In less than one month, the United States Supreme Court issued two decisions in favor of employers that will likely have a significant effect on employment law in California by disfavoring class action lawsuits. Class action lawsuits have long posed a risk of significant exposure to larger California employers because plaintiffs with relatively small claims frequently join together to seek a large recovery and substantial attorney’s fees.
In AT&T Mobility LLC v. Concepcion, the Supreme Court held that a provision in a commercial arbitration agreement prohibiting classwide arbitration was enforceable. The Supreme Court effectively overruled the California Supreme Court’s decision in Discover Bank v. Superior Court, which held that class action waivers in consumer arbitration agreements are “unconscionable” because individual arbitration could not substitute for the deterrent effects of class actions because such individual claims involved small amounts of damages. The Supreme Court held that federal law favoring arbitration superceded state law and permitted such class-action waivers.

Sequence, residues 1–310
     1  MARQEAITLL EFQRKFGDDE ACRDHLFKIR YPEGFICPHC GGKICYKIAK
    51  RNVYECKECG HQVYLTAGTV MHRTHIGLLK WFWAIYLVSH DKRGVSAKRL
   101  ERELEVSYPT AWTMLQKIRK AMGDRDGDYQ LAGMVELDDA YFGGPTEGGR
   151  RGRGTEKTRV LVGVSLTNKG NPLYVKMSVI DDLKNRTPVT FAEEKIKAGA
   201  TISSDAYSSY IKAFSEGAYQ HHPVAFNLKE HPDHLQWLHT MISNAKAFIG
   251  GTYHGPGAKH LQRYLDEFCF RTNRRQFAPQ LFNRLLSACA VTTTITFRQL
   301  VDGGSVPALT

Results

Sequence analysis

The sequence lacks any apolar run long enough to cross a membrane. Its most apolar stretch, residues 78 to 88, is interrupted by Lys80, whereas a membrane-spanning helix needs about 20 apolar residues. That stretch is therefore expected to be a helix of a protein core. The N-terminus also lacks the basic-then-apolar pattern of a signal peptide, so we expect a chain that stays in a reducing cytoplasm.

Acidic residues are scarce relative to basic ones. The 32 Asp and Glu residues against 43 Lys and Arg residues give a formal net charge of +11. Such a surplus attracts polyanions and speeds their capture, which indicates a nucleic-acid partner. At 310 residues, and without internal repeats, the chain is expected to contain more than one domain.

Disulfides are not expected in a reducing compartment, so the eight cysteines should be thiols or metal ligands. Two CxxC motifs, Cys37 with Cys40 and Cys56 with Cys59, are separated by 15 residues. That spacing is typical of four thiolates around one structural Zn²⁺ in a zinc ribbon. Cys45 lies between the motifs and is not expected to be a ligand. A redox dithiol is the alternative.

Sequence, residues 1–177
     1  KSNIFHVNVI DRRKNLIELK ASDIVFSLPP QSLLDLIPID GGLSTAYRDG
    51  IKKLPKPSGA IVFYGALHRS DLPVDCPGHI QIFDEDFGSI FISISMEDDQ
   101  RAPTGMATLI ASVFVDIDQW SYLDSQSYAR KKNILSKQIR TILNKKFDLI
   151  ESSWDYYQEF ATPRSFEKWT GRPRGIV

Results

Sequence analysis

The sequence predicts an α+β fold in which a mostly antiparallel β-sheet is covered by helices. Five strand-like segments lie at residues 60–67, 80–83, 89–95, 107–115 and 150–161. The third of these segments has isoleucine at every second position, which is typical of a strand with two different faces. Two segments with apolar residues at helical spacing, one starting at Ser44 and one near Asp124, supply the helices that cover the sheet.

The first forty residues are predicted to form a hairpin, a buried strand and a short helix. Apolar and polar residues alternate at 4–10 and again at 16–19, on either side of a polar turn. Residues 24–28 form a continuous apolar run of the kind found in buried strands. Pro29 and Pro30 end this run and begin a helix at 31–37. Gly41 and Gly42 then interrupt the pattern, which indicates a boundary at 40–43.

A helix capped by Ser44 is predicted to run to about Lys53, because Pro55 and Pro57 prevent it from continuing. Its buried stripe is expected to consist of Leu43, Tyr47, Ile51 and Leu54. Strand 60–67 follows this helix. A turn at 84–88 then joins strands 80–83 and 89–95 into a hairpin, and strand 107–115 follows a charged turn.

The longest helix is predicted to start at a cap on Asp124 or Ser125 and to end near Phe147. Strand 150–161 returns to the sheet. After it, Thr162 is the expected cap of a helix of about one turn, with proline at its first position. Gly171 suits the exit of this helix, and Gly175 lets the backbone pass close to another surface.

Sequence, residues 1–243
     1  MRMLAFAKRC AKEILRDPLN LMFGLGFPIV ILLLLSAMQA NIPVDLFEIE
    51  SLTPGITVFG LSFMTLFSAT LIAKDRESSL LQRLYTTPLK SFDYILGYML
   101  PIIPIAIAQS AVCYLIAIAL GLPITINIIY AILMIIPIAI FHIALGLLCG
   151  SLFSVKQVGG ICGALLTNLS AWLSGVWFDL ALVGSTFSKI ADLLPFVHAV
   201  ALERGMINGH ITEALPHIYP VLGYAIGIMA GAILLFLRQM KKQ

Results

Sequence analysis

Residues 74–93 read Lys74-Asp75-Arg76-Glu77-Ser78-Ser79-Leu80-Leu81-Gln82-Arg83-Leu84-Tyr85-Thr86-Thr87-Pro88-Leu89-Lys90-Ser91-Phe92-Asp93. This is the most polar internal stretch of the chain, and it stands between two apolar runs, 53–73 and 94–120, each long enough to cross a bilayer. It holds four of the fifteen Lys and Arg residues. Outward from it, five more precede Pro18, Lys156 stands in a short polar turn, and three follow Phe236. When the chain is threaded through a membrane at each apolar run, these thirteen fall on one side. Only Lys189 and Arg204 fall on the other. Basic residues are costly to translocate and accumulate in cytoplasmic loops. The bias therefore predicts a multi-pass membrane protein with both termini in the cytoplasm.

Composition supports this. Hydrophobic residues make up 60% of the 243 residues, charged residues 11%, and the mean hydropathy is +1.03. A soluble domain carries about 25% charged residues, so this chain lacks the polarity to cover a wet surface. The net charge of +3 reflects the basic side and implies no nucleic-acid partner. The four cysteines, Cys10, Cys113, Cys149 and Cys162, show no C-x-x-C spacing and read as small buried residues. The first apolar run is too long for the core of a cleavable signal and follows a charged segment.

In Dukes v. Walmart, the Supreme Court held that a class action lawsuit involving 1.5 million women alleging discrimination could not proceed as a class action lawsuit. The court held that the case was not suitable as a class action because the plaintiffs had not shown that the alleged discrimination was part of a “corporate-wide” policy or practice that discriminated against women. Rather, each store where the plaintiffs worked had to be sued individually because the alleged discrimination occurred at the store level.
The Concepcion case could increase the likelihood that class-action waivers in arbitration provisions in employment agreements will be enforceable, though future legislative action and state court decisions could limit Concepcion’s effect on California employment law. The Dukes decision could reduce exposure of employers to class action lawsuits by requiring that discrimination lawsuits be brought on a store-by-store basis absent evidence of a discriminatory, company-wide policy or practice. Employment class action lawsuits and arbitrations are prevalent in California. These decisions could shift the employment litigation landscape by presenting plaintiff’s counsel with additional obstacles to proceeding with class action litigation.
– – – – – – – – – – – – – – – – – – – – – – – – – –
Back to Newsletter Menu